“It’s Houston. Literally every single thing is happening, including filmmaking. Everything is happening in Houston.” While that statement might sound like the latest catch phrase from a city tourism campaign, the objective assessment actually comes from New York native Jessica Green, Houston Cinema Arts Society artistic director.
Green was specifically talking about some of the latest programs from HCAS to encourage local filmmaking, but her observation about Houston just as aptly describes the main theme of this year’s Houston Cinema Arts Festival, the Third Coast.
This year’s festival, which runs Nov. 11-22, will try to navigate our COVID times with a mix of indoor, outdoor and virtual screenings. In a bit of synchronicity, it coincides with the 40th anniversary of The Third Coast from pioneering documentarians Susan and Alan Raymond.
But even before she recognized the important anniversary of one of the first films that tried to explore the paradox of Houston, Green had realized a Third Coast focus for this year’s festival could act as a kind of “Trojan Horse to explore locality: local art, people, politics, culture, music, dance and film.”
The opening film, Red Rocket, screening at the Museum of Fine Arts, Houston, certainly fits that exploration. Filmed in and around Texas City and featuring a landscape of refineries and donut shops, the comic story about an ex-porn star who returns to his hometown earned standing ovations at Cannes.
“I really want to know what people think about the film and what they think about how the region is depicted,” says Green. “I do know that I haven’t seen these realities and experiences depicted much in American mainstream film. I haven’t seen people who work at oil refineries depicted going to the Donut Hole like in this movie.”
Another Third Coast highlight will be the world premiere documentary Bushwick Bill: Geto Boy, a look at the legendary godfather of southern hip-hop from his own perspective. Green says that this film documents so much important music history that it becomes news itself. She also makes the case that music and videos have long been many people’s first vision of the city. “This is the way a lot of people on this planet have learned about Houston.”
The “wide net” of this Third Coast theme also allows HCAF to showcase remarkable documentaries and fictional stories that touch on a range of issues from climate change to cultural diversity. A rebellious coming-of-age story filmed in Houston like Acid Test fits the theme, but so does a film like The Last Tree, about a British boy of Nigerian heritage that might share some commonalities with individual stories of Houston’s Nigerian community. Set to screen at the Asia Society Texas Center, the Philippine film Whether the Weather is Fine depicts ordinary lives devastated by a typhoon; it will surely reverberate with anyone living along the Gulf Coast.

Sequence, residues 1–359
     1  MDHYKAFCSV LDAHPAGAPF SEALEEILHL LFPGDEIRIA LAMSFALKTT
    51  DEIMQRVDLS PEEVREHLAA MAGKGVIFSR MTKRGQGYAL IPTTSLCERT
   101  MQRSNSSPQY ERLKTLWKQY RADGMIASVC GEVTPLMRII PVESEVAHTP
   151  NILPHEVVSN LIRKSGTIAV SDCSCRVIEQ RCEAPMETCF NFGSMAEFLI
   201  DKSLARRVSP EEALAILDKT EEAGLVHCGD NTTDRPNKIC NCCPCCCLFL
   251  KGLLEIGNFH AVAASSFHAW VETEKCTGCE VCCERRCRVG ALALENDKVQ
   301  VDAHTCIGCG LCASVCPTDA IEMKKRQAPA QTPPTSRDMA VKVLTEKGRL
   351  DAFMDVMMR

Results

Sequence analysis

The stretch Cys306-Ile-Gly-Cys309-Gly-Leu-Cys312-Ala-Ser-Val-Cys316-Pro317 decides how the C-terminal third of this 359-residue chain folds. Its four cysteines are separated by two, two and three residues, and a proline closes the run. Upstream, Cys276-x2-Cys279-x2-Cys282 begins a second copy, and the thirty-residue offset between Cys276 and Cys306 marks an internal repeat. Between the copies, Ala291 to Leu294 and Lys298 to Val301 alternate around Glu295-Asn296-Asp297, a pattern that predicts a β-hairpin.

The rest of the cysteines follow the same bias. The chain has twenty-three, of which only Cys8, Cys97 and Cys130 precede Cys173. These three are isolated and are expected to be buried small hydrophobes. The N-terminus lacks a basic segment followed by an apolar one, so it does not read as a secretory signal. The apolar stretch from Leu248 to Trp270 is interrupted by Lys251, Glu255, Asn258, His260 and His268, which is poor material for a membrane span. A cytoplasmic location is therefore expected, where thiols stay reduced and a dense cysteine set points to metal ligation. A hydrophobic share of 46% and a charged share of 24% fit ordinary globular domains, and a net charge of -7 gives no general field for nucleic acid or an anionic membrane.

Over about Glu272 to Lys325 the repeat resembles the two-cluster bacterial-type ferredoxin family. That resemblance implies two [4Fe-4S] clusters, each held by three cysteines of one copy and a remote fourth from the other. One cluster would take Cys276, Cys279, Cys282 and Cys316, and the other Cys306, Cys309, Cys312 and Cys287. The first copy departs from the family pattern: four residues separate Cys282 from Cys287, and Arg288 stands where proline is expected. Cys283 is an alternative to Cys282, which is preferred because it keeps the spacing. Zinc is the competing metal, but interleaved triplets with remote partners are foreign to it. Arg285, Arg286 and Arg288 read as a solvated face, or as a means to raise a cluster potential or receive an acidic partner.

Alongside this Third Coast perspective, this year’s festival remains dedicated to a core mission of the Houston Cinema Arts: to celebrate not only the art of film, but films about the arts. Once again, HCAS will partner with local arts organizations for screenings.
In Balanchines Classroom. Photo by Martha Swope.
The Scary of Sixty-First.
Whether the Weather is Fine screens on Nov.16 at Asia Society Texas Center.
Sweet Sweetback's Baadasssss Song (50th Anniversary).
Red Rocket opens the Houston Cinema Arts Festival on Nov. 11 at the Museum of Fine Arts Houston.
Bushwick Bill: Geto Boy screens on Nov. 12 at Museum of Fine Arts, Houston.
Dance leaps in as another festival highlight with In Balanchine’s Classroom, a look at the great George Balanchine as a teacher as well as choreographer. Green notes that the Houston Ballet, the co-presenter for the outdoor screening at Discovery Green, will present Balanchine’s Jewels in February. Several of those dancers will participate in a virtual Q&A.
In keeping with their tradition of presenting cinema that began as books or plays, HCAF will also partner with the Alley Theatre to screen the film adaptation of the Tony-winning play The Humans.
The festival will also present two documentaries by filmmaking daughters of groundbreaking women artists. Director Celeste Bell explores the legacy of her mother and punk icon and X-Ray Spex front-woman Poly Styrene in Poly Styrene: I Am A Cliché. In the virtual-only offering Jane by Charlotte, actress, songwriter and director Charlotte Gainsbourg puts the camera lens on her actress mother, Jane Birkin.
Even the family-friendly, free screening of Pixar’s Coco at Miller Outdoor Theatre fits into the film about artists category, and the event will feature a live performance from the Latin-jazz group, Zenteno Spirit Band.
The two short-film competitions within the larger festival—the NASA-partnered CineSpace and the second annual Borders | No Borders— will showcase the art of film as well as that Third Coast vibe. While CineSpace garners entries from around the globe but asks creators to use NASA footage in their works, the Borders competition was created specifically to showcase filmmakers from all Texas border states and Mexico. The competition doesn’t require border stories, just that filmmakers tell a story from their own lens. HCAS inaugurated the Borders project last year, thinking about the role of a film society in a city.
“It seems that the role is to support and generate industry activity. This is one way to do that,” she says, adding “Giving them money for their work and for their art is the most fundamental way to support filmmakers and artists.”
Discussing both Borders | No Borders and the region’s diversity of artists and influence, Green pondered whether Houston’s filmmaking time has come. “The conditions are right in Houston for many things to happen, including a more generative film industry, and our role as a film society is to play a role and support that in any small way that we can.”